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Our next task was to follow ‘Move In’ with another ‘hit’.
We had songs in mind, but ‘Good Thing’ was thought to be the one most likely, catchy, written by the same writers as the first ‘hit’, great harmonies and uptempo, perfect.
RCA scheduled it for release, and we were happy for that to be the follow up, whilst still being ready to record anything  that might be better.
We never even thought of ‘My Little Girl’. There was a hit right under our noses, as Autumn proved.
We were talked into recording a Howard and Blaikley song, called ‘First Time Loving’, to see how it came out. I particularly didn’t like it at the time, and now hate it. Someone, our manager I think, without our knowledge or agreement, got RCA to release this song as the follow up.
From then on RCA kept coming up with different songs. They even released a song of mine ‘Mrs. Ritchie’, for about two weeks, then they asked us to cover ‘Cecilia’ the Simon and Garfunkel song, without success. We’d missed our chance.
The gigs were still in abundance, although we’d started to go into cabaret. The least said about that the better.

It was clear to me that music had changed, I thought we’d better change too, or we’d be left behind. So I started telling the boys that they should stop posing around like ‘pop’ stars, and start writing songs, rehearsing new material, and generally get back to being what we used to be. Too late, lethargy had set in, nobody was bothered and they’d become lazy.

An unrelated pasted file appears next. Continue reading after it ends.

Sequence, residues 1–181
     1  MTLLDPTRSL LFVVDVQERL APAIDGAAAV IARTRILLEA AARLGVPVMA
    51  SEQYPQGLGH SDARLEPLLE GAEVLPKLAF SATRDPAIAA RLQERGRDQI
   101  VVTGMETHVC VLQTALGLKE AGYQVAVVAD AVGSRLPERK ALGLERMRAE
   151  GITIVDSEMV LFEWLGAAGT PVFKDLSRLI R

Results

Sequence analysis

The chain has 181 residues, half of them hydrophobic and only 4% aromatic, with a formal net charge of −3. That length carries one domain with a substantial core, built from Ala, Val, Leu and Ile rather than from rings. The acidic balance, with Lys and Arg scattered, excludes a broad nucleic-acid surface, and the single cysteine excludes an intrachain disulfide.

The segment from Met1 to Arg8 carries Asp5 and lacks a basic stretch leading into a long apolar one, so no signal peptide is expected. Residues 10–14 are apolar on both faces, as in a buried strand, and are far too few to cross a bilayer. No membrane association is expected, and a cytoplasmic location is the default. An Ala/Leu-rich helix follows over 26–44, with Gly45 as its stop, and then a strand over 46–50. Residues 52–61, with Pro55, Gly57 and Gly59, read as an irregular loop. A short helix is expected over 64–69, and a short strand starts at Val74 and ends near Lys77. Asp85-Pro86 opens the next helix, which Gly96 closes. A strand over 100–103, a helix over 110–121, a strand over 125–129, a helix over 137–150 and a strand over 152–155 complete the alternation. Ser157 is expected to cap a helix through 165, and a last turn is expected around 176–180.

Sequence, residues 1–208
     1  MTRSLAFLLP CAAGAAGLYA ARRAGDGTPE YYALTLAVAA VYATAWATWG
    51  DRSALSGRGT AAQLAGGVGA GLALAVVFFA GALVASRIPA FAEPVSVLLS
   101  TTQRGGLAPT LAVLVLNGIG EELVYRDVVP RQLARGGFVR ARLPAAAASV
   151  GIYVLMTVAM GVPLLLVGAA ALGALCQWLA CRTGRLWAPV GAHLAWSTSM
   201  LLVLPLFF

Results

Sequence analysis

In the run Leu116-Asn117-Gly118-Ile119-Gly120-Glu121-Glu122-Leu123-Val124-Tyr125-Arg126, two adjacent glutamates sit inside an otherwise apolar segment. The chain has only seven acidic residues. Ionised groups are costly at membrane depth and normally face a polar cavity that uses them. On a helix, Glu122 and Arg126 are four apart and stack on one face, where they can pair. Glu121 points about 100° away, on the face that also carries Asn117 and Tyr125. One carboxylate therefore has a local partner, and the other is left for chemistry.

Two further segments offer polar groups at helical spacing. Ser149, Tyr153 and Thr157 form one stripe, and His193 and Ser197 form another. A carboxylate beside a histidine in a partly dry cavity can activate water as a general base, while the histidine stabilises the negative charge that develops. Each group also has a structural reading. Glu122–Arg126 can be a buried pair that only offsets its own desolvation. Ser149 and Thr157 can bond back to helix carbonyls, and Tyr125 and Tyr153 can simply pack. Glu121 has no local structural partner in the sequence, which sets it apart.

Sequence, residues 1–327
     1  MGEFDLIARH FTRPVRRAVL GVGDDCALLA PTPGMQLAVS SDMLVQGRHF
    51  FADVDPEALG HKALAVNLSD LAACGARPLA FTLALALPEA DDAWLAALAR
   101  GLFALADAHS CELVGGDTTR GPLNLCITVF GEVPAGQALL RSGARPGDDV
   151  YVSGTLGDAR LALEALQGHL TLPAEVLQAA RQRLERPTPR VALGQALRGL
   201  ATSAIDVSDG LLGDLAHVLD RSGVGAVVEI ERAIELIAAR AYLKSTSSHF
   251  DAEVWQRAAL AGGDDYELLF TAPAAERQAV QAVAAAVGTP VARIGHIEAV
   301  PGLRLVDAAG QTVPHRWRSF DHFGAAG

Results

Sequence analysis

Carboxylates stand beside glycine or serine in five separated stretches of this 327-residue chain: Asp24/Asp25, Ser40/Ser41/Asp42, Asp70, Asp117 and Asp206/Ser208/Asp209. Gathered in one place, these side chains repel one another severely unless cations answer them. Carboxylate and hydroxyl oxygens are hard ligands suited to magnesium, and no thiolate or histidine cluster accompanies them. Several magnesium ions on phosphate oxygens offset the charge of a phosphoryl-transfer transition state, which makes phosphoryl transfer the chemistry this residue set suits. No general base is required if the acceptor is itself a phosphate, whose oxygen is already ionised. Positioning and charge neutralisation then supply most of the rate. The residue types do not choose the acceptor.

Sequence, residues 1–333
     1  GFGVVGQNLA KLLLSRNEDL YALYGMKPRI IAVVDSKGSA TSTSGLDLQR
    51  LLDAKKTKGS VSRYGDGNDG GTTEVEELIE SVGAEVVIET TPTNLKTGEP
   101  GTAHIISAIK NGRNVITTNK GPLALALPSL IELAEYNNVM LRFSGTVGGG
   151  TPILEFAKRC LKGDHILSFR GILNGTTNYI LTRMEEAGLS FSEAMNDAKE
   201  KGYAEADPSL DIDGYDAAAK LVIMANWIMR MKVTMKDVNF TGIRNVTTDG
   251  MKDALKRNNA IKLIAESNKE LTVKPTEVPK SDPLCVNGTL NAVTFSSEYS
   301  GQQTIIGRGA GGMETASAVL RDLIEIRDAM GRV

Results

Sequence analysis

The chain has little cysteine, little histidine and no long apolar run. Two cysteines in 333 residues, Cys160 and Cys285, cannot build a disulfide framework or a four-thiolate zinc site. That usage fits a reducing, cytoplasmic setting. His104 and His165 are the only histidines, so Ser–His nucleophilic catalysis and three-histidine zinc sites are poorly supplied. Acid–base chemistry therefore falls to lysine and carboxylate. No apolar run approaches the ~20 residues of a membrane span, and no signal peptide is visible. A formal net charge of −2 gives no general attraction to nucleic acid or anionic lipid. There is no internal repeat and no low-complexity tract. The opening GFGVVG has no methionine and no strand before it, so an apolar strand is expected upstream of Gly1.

I decided to look for another way forward.
I’d had a great time, making records, singing great harmonies every night.
I’d met, and worked with the Beatles, the Rolling Stones, the Beach Boys, been managed or produced by two or three of the most important men in the music business at that time, Brian Epstein and Andrew Oldham,
(and Robert Stigwood) what more could I have done with those years?

‘Good Thing’ June 6th (not).

l-r. Tony Rivers, with Joey Long, Frankie Valli
and Bob Gaudio (of the 4 Seasons),
and Andrew Loog Oldham
and Tony MacCauley, backstage ‘party’,
 Hammersmith Odeon, probably 1967/8.

While I was looking around for new directions to go, I’d had a conversation with Dick Leahy who worked for Bell records, and who I used to play football with. He offered me a solo recording deal with them, and even gave me an advance, which was handy. At about the same time, Mike Smith, who  was a&r manager at CBS and had achieved ‘fame’ as, the ‘legendary’ man who turned down ‘the Beatles’ in favour of ---------
‘the Tremelos’, offered me a job as house producer with him.
This appealed to me, and so I called Dick Leahy and told him sorry, but I’d be joining CBS, as house producer.
He said I could keep the advance and wished me luck! He eventually became the publisher for George Michaels’ songs, and probably became a millionaire, but I don’t suppose he was any good at harmonies!

The Tremelos, and some Castaways.
playing ‘spot the ball’.

My last gig with Harmony Grass was at the Lyceum in London in about July/August of 1970. I hadn’t planned this as my last gig, but fate stepped in. A friend told me in our break, that the boys had been rehearsing with Joe Williams, in readiness for my departure, the thing was, I hadn’t told them I was departing yet!!! Saved me worrying about letting them down, though didn’t it?
I went out for the second show, and proceeded to do all the great harmony things that we’d done over the years, then at the end of the evening I announced that I’d just done my last gig with Harmony Grass, thank you and goodnight!!!! ‘Miss You Nights’ here I come

Flier for a club in Soho, Summer 2000,
Illustrious company we keep, eh?